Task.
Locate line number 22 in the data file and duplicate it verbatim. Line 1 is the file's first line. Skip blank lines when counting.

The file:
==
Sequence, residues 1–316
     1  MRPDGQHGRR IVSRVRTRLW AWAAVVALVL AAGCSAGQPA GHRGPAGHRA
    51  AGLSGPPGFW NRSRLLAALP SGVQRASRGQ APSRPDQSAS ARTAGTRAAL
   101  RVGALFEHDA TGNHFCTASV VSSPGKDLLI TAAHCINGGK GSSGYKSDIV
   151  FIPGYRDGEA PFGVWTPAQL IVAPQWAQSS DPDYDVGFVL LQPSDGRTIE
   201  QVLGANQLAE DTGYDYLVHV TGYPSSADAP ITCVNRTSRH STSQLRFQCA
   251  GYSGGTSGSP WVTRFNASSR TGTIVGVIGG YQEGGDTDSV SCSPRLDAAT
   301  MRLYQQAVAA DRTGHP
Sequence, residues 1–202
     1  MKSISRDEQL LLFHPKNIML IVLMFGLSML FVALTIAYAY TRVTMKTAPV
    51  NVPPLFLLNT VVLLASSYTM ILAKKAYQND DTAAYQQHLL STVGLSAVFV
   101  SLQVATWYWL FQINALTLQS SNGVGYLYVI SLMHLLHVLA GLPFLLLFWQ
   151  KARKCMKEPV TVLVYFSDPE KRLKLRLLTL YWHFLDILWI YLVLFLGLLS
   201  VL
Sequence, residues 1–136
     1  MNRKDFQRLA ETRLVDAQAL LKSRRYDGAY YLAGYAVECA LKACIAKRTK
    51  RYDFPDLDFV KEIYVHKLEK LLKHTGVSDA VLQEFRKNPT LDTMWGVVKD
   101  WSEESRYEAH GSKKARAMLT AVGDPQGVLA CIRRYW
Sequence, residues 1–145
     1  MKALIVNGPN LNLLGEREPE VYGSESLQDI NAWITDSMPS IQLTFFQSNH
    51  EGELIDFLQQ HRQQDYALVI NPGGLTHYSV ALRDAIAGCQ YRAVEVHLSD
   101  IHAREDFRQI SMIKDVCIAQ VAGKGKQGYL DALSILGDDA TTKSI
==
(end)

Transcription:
   101  IHAREDFRQI SMIKDVCIAQ VAGKGKQGYL DALSILGDDA TTKSI